The current graphic is erased with the previous cel before the next cel draws.
Changed Area Only
The cels in the GIF will only change in the areas where the animation takes place. If you de-select this box and choose “erase with background” you can create transparent backgrounds.


When you click “Save,” Web Painter helpfully generates HTML to link to the animation. You are given the option to save this to the clipboard or as a text file, which I think is an excellent feature. To link to an animated GIF in HTML, you use the same method as you would a normal GIF:

<IMG SRC="mybanner.GIF" WIDTH=468 HEIGHT=60 BORDER=0>

The WIDTH and HEIGHT attributes tell the browser the size of our banner. The BORDER element tells the browser not to put any border round the banner, an option you’ll want to exercise regularly.

Open SimpleText or BBEdit and type the above HTML line in, substituting “mybanner” with the name of your file. Save the HTML with the name “test.html”.

Checking it All Works

Now we need to test it. Fire up your favorite Web browser and open your test page. Provided you own a reasonably modern browser, you should see your animated banner in all its glory. If you make any changes to your image, reload the page in your browser when you test it, to be sure you are looking at the most recent version.


Some older browsers can’t handle animated GIFs and will only display either the first or last image. Bear this in mind if your Web site caters for people who may use old equipment or software; schools and clubs, for instance, often can’t afford to upgrade.


Although this tutorial was based on Web Painter, most of the techniques are universal and apply to many other packages such as Fireworks. Regardless of what you make the animation in, however, remember the following:

  • Big obvious changes from one frame to the next work better in GIF animation, although subtlety is lost.
  • Don’t use an animated GIF when it’s not needed.
  • When choosing how many times an animation should loop, stick to two or three. It can be off-putting if the image jumps about for ages in the corner of the page.
  • Don’t use an animated GIF when it’s not needed.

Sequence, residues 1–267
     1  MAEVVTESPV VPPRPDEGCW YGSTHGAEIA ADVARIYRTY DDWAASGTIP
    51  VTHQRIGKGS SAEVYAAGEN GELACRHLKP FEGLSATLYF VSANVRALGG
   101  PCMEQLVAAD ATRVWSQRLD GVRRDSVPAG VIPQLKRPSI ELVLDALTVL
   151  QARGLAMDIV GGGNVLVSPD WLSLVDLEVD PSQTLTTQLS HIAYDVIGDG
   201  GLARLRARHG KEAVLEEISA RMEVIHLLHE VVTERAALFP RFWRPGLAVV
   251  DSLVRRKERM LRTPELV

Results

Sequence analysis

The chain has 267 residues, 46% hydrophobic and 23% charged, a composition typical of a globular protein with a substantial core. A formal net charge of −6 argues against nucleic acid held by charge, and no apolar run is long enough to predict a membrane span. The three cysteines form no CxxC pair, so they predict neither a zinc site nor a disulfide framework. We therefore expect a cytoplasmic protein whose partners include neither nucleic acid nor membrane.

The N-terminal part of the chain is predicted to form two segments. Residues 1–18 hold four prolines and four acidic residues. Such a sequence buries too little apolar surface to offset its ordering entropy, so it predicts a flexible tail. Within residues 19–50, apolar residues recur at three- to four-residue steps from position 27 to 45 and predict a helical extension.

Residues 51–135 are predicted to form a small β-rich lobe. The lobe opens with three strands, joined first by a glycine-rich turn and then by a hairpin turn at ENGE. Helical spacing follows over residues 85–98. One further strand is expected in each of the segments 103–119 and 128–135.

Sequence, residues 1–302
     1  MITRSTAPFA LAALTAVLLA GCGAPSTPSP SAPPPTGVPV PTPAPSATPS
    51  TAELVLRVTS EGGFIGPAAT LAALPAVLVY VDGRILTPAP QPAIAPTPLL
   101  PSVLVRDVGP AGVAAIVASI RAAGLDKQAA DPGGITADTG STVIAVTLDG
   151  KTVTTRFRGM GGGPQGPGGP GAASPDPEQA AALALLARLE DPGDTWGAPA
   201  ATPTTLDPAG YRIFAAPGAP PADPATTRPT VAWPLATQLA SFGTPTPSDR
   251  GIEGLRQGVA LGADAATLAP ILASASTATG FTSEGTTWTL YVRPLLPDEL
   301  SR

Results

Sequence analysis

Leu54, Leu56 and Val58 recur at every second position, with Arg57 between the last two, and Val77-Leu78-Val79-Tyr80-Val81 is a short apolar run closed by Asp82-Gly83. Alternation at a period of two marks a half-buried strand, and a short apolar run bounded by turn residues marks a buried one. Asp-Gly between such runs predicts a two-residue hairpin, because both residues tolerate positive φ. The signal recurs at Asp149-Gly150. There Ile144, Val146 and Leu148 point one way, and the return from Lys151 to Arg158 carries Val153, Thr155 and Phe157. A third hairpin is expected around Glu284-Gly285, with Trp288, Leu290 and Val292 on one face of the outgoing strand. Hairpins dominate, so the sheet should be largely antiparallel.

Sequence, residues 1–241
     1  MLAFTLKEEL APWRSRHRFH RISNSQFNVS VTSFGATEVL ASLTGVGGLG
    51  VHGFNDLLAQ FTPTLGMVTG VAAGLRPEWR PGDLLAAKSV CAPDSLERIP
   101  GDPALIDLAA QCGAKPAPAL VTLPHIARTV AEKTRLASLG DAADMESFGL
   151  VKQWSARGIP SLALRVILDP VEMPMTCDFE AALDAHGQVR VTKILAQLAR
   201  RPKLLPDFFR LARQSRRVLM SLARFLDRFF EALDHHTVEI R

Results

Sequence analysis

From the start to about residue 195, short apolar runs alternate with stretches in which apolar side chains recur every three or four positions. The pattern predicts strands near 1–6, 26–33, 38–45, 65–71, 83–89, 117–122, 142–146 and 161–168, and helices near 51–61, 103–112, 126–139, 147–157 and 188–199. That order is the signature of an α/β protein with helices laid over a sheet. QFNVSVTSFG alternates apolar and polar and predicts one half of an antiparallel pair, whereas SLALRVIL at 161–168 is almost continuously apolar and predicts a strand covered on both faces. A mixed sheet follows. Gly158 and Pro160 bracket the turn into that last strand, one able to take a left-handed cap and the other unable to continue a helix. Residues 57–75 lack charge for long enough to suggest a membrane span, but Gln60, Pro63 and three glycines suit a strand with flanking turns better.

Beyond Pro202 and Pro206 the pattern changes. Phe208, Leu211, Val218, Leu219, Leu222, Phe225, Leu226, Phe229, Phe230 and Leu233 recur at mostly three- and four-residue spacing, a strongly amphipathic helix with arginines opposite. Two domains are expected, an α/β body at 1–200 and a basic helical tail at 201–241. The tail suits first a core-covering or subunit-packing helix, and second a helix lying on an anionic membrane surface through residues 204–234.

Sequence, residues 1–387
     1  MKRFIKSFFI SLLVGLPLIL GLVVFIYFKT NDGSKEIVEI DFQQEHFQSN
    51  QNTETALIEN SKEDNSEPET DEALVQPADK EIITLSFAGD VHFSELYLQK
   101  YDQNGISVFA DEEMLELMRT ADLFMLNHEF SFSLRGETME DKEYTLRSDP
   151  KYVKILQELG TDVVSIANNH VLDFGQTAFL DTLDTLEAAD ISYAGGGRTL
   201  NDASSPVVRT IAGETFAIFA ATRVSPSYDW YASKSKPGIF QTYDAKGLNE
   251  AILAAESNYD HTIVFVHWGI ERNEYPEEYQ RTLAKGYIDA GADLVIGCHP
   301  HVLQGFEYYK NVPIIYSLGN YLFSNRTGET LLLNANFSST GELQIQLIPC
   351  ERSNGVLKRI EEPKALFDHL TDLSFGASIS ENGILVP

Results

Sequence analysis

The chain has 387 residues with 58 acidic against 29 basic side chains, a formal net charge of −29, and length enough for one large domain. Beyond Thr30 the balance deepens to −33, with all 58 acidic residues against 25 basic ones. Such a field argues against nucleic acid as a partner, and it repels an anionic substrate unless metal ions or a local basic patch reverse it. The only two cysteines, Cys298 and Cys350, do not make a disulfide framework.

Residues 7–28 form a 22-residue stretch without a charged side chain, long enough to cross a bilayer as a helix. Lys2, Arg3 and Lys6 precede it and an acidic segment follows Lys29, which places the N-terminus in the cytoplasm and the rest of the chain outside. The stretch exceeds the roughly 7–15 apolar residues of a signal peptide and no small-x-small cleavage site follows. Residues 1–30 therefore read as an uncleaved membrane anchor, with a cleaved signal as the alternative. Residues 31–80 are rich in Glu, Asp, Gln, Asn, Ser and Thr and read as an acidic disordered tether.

• Animating only part of the image (instead of the whole image) will reduce file size.
  • Don’t use an animated GIF when it’s not needed.

Useful Links and Software

Animated GIF Artists Guild
This program turns the layers from a Photoshop file into the cels in an animated GIF. Wow!
Animation Online
This Web site lets you create animated banners online
Shrink those GIFs.
Animation Factory
Over 12,000 GIF animations!

I’ve not included many links to clip-art sites, as many of them aren’t all that good. You’ll find links to the ones that are on everyone else’s Web sites anyway. Happy Animating!

• • •

Next Month

Next month we will be looking at things that look really bad on Web pages, including psychedelic backgrounds, really tiny text, blinking text, animated hands writing “welcome,” stupid JavaScript balls that follow your pointer…

Oh, scrolling text as well, music when I’m not expecting it and much, much more.

If you know of any Web graphic crimes, or would like to suggest a topic for a future column e-mail me at

For reference purposes, here is what I have planned so far:

Things That Look Really Bad On Web Pages
Web Page Design Tips
PNGs—Future Or Failure?

Thanks for reading. I’ll see you next month.

Also in This Series

Reader Comments (3)

Angela · June 18, 2006 - 07:04 EST #1
Hi! I'm interested in putting gif animations into pdf files, but not sure whether it is possible, and if possible, how to go about doing that. Please advise. Thank you so much!!!
Lee Bennett (ATPM Staff) · June 18, 2006 - 14:00 EST #2
Angela - I may have to let someone more experience confirm, but I'm nearly sure the PDF format does not support more than the first frame of an animated GIF. You have to remember that PDF was conceived as an electronic version of paper. As such, it makes no more sense to have an animated GIF on a PDF page as it is possible to do on a printed sheet of paper.

However, I could see how there could be some uses for this. Maybe someone can chime in and tell me I'm wrong.

P.S. - just promise us you aren't wanting to put an animation of the dancing baby on your PDF!! :-p
Antrux · March 16, 2010 - 19:14 EST #3
Adobe Acrobat 9 Extended will insert gifs to PDF 9 Pro will not. I have tested and searched extensively and have not found anything that will do it all otherwise.